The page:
Nevil Jeffery, General Manager at Low Wood Bay has recently caught the Art bug, inspired to create digital art after meeting the iArt master J.A.C…
Twelve months ago I came across the guru of the “dark side” of iArt, Joseph Connor (J.A.C.) founder of #seensend. I love the concept – encouraging people to get out and about and capture an image on a mobile device. Once the image gets the J.A.C. stamp of approval, he rewards the photographer with a piece of art created on his iPad.
Sophia Newton, owner of the Loovre Gallery in Kirkby Lonsdale and founder of annual Artober festival embraced this new art medium and invited Joseph to attend the week long, interactive art exhibition at Low Wood Bay. This radical but simple method of producing art provides an accessible, affordable medium which appeals to all age-groups. Let’s face it, taking a hand-held electronic tablet into the great outdoors is a little more practical than a large canvas!
I was immediately smitten with iPad art and although my first attempts resembled some crude impersonations of impressionism, I was determined to persevere. To fully appreciate this concept and see the process from start to finish. During the week of Artober I organised a one night ‘wild camp’ where I could observe and learn from the master. Recruiting colleague, photographer and outdoor enthusiast, Tim Bell, Manager of Lancaster House to the adventure, the three of us set off for the summit of Loughrigg which affords an impressive vantage point with views overlooking Windermere, Grasmere and Langdale.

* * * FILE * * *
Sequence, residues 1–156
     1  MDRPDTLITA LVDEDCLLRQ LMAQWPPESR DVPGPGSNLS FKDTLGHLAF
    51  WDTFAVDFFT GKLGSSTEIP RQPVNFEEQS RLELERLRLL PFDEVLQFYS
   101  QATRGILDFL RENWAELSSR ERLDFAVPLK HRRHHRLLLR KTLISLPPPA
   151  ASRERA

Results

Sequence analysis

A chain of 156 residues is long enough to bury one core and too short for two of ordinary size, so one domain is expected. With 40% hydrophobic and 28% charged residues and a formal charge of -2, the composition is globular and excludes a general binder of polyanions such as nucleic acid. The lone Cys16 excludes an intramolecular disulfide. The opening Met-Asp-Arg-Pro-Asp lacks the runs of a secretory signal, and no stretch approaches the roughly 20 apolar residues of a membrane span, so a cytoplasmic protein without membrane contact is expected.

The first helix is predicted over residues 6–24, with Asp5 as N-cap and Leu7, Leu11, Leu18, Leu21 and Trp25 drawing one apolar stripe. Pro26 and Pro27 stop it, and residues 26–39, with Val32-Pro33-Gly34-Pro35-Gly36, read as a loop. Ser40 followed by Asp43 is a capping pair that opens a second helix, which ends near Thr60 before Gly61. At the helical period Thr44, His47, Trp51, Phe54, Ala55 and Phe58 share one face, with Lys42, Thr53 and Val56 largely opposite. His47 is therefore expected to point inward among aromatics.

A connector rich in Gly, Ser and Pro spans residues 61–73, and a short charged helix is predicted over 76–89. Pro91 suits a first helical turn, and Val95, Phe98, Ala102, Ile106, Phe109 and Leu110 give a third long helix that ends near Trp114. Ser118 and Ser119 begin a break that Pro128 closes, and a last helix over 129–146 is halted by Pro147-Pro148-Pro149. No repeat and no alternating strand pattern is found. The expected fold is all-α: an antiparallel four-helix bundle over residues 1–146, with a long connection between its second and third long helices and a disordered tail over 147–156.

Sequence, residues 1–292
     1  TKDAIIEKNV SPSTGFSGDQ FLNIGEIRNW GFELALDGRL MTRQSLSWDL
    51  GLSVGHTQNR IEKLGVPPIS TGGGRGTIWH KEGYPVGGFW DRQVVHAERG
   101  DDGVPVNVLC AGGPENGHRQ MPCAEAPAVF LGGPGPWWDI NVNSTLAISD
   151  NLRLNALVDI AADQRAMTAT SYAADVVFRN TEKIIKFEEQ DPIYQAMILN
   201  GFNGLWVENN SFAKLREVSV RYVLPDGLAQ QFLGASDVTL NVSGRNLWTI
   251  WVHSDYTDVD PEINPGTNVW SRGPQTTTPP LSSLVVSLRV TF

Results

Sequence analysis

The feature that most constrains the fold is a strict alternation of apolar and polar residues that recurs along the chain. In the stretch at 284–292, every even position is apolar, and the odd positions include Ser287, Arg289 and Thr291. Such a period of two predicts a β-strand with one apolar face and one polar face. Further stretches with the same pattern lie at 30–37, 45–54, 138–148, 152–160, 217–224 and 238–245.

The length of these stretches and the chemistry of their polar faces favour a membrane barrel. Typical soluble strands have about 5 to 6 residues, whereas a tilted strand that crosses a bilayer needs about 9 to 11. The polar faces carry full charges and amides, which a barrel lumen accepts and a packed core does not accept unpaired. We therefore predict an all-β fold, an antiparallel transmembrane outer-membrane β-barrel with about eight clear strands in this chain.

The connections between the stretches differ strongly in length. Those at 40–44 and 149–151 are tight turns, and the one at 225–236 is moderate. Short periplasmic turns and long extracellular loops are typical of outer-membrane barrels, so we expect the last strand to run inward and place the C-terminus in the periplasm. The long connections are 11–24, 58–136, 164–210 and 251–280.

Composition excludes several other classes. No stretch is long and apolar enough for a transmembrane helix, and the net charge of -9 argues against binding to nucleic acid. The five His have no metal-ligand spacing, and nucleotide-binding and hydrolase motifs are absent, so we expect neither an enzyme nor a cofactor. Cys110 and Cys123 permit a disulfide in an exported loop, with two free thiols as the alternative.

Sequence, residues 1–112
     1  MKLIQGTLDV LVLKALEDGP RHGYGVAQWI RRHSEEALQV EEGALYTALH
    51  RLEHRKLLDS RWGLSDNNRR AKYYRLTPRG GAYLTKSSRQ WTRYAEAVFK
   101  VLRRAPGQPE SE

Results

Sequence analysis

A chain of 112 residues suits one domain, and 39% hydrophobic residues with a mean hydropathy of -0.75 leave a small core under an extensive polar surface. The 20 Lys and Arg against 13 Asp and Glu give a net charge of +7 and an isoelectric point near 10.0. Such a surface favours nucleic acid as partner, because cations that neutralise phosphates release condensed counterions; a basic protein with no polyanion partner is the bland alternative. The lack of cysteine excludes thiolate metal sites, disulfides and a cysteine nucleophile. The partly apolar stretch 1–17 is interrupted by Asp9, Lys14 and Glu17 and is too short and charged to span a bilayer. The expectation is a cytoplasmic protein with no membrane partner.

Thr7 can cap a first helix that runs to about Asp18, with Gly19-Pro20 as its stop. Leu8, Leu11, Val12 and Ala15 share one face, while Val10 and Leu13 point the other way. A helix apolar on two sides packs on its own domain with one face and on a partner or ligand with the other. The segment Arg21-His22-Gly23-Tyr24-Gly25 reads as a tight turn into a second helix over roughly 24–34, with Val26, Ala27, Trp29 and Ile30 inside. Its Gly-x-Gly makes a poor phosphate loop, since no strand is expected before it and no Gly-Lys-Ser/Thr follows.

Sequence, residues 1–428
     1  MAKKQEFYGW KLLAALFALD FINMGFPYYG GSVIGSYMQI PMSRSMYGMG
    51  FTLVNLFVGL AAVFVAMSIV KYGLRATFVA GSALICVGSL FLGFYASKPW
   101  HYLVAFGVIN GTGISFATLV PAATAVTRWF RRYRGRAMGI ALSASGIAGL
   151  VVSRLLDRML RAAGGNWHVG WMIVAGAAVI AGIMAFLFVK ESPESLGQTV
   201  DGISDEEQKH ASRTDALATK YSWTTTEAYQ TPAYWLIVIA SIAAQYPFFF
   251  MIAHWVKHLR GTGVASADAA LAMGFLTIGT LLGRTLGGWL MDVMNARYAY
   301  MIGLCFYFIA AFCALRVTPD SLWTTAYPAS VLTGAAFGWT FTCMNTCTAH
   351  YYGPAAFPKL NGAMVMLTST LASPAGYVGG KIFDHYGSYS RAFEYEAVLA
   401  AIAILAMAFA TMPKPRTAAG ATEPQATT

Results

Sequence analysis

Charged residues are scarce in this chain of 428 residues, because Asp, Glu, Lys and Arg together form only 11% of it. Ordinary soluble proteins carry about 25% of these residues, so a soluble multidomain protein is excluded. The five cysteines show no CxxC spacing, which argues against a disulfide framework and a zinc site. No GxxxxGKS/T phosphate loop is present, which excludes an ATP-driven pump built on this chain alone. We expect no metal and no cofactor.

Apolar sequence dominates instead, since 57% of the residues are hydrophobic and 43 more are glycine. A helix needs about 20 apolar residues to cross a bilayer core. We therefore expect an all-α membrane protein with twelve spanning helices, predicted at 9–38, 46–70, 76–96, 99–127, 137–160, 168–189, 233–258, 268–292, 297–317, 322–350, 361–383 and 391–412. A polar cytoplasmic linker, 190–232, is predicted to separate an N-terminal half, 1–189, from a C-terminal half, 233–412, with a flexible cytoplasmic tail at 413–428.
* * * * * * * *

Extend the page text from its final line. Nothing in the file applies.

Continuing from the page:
With only minutes of daylight remaining we put up our tents. Fortunately the pessimistic forecast did not fully materialise and, despite a couple of heavy showers, we were generally blessed with clear night skies. Our eyes had adjusted to the darkness. The villages of Ambleside and Windermere caused a delicate orange glow to illuminate from behind the dark lower-slopes of Loughrigg. This I had to capture, and I frantically sketched the outlines on my tablet as Tim & Joseph turned in for the night. I was a man inspired, and I continued my I-painting long into the night from the comfort of my 4-season sleeping bag.
At 6am we were all awake. All 3 surrounding valleys lay thick with low-lying mist and the first rays of the sun illuminated the incredible autumn scenery, the sight holding us captive for the next hour and a half. Joseph, leaning on the summit cairn, concentrated the image to ipad whist Tim capturing the scene on camera from every conceivable angle. All I could do was look in awe at the unfolding scene.
I learned quickly with that with rare moments like this, you need to capture the sky in it’s outline form, leave it, then fill in the rest later, setting your pallet with the four most prominent colours for maximum effect. (Sketch attached). Then, one can turn one’s full attention to completing the “iArt” at a later stage.
Descending the hillside we met a family of four heading along the well-beaten path armed with digital cameras and tablets. For me, this summed up everything J.A.C is trying to achieve – people of all ages getting into the beautiful outdoors whilst still having the ease of mobile technology. Maybe they don’t realise the potential art-studio they hold in their hands!